You've come to this page because you've said something similar to the following:
Self-decrypting files (a.k.a. self-decrypting archives, or SDAs) are cool.
This is the Frequently Given Answer to such statements.
Self-decrypting files are not cool at all. As far as security goes self-decrypting files are in fact a very a bad idea. They undermine the very reasons that one is using encryption in the first place. If you think about why one encrypts files in the first place, and what parts of an encryption/decryption system need to be trustworthy, you should see why self-decrypting files are yet another Half-Baked Idea from those industrious chaps in the Half-Baked Ideas Brigade.
Self-decrypting files are bad for portability reasons, as well. Self-decrypting files only work if the sender and recipient have computers with the same CPU architecture and the same operating system. They are also not future-proof.
(History teaches a lesson here. Look at all of the self-extracting archives created for MS/PC-DOS systems in the 1980s and 1990s — which people then thought were "nifty" and "cool", too — and think about how many such DOS softwares now cannot run on modern PCs because they only work on old versions of MS/PC-DOS, or only work on MS/PC-DOS, or cannot cope with large volume sizes, or don't work right on modern CPUs, or … )
Don't use self-decrypting files. If someone sends a self-decrypting file to you, ask for an file that can be decrypted with an ordinary standalone decryption tool, instead. If you want to send someone an encrypted file, and they don't have the decryption tool, then either
In an encryption/decryption system, the tool used to perform decryption must be trusted by the recipient. Self-decrypting files do not provide that trust, because any man-in-the-middle attacker who provides a fake encrypted file to the recipient, pretending to be the sender, gets to provide the decryption tool, that processes the file on the recipient's behalf, as well.
Self-decrypting files are thus a man-in-the-middle attacker's dream come true. The attacker can make the decryption tool do whatever xe wants. Always yielding a positive response, and assuring the recipient that the file created by the man-in-the-middle was digitally signed/created by the sender, is in fact not even the most major of the recipient's problems as far as man-in-the-middle attacks are concerned.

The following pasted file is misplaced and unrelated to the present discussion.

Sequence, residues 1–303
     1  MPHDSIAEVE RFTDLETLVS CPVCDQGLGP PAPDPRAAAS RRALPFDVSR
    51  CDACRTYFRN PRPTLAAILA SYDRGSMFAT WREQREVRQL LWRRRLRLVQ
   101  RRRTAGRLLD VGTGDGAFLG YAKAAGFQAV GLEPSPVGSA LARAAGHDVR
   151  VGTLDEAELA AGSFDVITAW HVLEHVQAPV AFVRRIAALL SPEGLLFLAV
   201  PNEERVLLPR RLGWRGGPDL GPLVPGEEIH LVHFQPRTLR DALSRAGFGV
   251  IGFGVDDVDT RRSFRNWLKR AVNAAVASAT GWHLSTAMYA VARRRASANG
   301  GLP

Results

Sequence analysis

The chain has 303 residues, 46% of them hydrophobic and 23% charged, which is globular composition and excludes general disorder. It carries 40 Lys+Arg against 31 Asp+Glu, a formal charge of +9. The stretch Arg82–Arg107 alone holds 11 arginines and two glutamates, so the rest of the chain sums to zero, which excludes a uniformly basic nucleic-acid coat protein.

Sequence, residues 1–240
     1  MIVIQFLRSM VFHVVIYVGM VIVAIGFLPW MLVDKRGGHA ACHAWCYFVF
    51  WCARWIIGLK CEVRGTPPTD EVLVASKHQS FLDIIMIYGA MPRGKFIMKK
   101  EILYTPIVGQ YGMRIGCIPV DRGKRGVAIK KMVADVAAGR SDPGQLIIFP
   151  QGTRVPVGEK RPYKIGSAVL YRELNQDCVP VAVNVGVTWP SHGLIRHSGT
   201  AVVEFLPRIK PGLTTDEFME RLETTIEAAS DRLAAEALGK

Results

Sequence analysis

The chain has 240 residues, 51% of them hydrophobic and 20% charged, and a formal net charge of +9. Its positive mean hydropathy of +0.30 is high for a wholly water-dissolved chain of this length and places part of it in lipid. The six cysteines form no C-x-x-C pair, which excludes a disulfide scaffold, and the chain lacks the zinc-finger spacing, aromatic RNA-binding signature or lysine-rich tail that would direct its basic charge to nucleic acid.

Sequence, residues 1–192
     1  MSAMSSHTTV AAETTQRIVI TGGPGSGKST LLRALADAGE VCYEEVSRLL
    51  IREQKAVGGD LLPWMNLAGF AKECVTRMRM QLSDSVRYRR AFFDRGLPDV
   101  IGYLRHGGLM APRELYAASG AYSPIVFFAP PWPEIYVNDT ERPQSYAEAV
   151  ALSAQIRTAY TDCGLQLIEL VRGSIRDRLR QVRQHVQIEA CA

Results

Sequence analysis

Recipients who have been sent self-decrypting files should bear in mind three important points:
You, the recipient, are being asked to run a program that could potentially have been compromised by a third party attacker. You have no guarantee that the program that you are using, to check that what you have received was in fact encrypted by the sender, was itself sent by the sender. If you are using digital signatures to check the the files that you receive really came from the sender and no-one else, you should be requiring that the sender also sign the decryption program, too. That program is a file that you really need to be assured came from someone that you trust, too, after all. And if you are requiring that the decryption program be signed, then you must already have a decryption tool and don't need self-decrypting files in the first place.
You, the recipient, are being asked to run a program that you just downloaded from somewhere without using a secure connection, or that you received in an electronic mail message that could have been sent by anyone. Experience with computer worms should teach that this is a terrible idea. You have no assurance that the program that you are about to run even is a decryption tool in the first place. For all you know, you are about to run a program that will overwrite every third file on your disc with the string "Hello, Billy!".
Senders who belong to the Half-Baked Ideas Brigade may at this point propose using secure HTTP, or digitally signed electronic mail, to send the self-decrypting file to recipients. To them, the response is: "Stop! Think! Wasn't the very reason that you are using self-decrypting files in the first place the fact that the recipients didn't have decryption tools already? To employ secure HTTP or digitally signed electronic mail, they must already have some decryption capabilities. If they haven't, they cannot use secure HTTP or digitally signed electronic mail. If they have, they don't need secure HTTP or digitally signed electronic mail because they don't need a self-decrypting file."
You, the recipient, have just given your secret password (either the shared secret that you shared with only the sender, or the secret password that you use to unlock your private keyring) to a program that, for all you know, could have been a trojan horse supplied by a third party attacker. What if the attacker has chosen to make the trojan horse program do everything that a real decryption program does, including decrypt the sender's original encrypted file properly, but in addition send a copy of your password to the attacker behind the scenes? Now the attacker knows your password. If it was a shared secret that you shared with the sender, all of your communications with that sender are compromised. If it was the secret password for your private keyring, all of your encrypted data and communications with everyone are compromised.
People who publish decryption tools expend effort to ensure that recipients can trust the actual decryption tools themselves before running them. (Witness the integrity check instructions for GNU Privacy Guard (GPG), for example.) There are reasons for this.